So, Clare, what should I do with my chain smoking, heavy drinking mother, taking large amounts of morphine, and my intransigent and difficult father who refuse to stay with us/move?

I also have a young family, one of whom is my niece whom we have cared for since a baby due to my DSis' difficulties? My parents are pretty horrible, and there is a long and difficult history.

I just don't recognise that the scenario you describe is for every situation. I wish it were.

The op, like many of us,is trying her best, and to take responsibility for helping with care. What are we to do?

ClareMarriott Thu 10-Jan-13 17:55:32

I'm glad to say that I entirely agree with with what Funny has said . Some of society today certainly looks to outside agencies in the first instance to look after their aged parents because they think it will be too much of a drag/ will impinge on their own lives to much to look after someone who is old/ill. Of course it will - but what are families for ????? Mention has been made of a temporary stay or a move to a house nearby. I know there are many people who do look after their parents but how many of us would now ACTUALLY look after our parents when they need our help. ? Before anyone replies to say that they think this is harsh, I write this as a child from the 60's whose mother looked after her MIL and then her own mother ( the latter whilst my mother was widowed and still looking after 4 children ) I remember it as hard and shitty and lonely but there was also a lot of love and laughter and it has left all of us ( my mother is now long dead ) as tough and resiliant women who love and look out for each other

minko Thu 10-Jan-13 17:50:11

Funnyperson - we live 200 miles away it is a fact we can't get around, it's not always possible to live on your parents' doorstep! My brother in law lives near them but we are feeling guilty that he is being put in a position where it is only him caring for them and we want to help. We visit regularly and do our best but it has really only been recently that their situation has become 'difficult' so we are new to care issues.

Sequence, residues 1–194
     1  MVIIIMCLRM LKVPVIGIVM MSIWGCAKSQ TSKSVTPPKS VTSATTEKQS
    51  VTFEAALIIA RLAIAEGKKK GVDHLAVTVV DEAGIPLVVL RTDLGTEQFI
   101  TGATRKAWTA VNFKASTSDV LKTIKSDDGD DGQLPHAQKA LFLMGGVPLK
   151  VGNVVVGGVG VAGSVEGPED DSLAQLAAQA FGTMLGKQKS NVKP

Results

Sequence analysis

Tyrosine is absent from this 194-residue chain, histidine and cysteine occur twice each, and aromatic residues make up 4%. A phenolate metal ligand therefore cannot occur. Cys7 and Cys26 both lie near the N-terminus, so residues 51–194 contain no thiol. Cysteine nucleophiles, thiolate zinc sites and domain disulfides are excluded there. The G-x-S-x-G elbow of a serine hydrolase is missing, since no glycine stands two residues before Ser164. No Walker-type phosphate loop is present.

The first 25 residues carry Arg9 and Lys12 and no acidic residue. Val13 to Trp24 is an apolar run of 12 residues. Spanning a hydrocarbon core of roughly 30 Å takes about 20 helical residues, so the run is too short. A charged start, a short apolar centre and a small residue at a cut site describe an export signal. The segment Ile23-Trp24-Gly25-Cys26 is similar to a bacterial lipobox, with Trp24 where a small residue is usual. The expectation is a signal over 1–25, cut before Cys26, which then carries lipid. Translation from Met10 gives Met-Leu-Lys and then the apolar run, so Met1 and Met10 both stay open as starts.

I could offer them a stay here but MIL is not in a fit state to travel and needs to be near her doctors.

Ripsishere, what sort of agency did you work for?

funnyperson Thu 10-Jan-13 16:53:17

I don't mean to be harsh - this time of life when one has set up an independent family and career and parents become frail is a very difficult one- I don't think there are any easy options- I only meant to say what has helped me steer through thats all.

MarianForrester Thu 10-Jan-13 13:02:54

funnyperson I think that's a bit harsh- the op is trying to find out what to do to help care for them - she lives 200 miles away, what is she to do?

Op, I am in similar situation with my parents. They have resolutely refused all help other than a cleaner they already had.

I too live that distance away. I have offered a temporary stay with us (problematic as DM chain smokes and they are, ahem, difficult) or a move to a more manageable house near us. All refused.

If things get worse, social services are only real option, I think. It s sad, but there comes a point where something needs to be done to ensure your in-laws safety.

I find it all very difficult, tho I know it is really up to them what to do, unless they lack capacity, but would really like to help. Sounds like you would too. Good luck!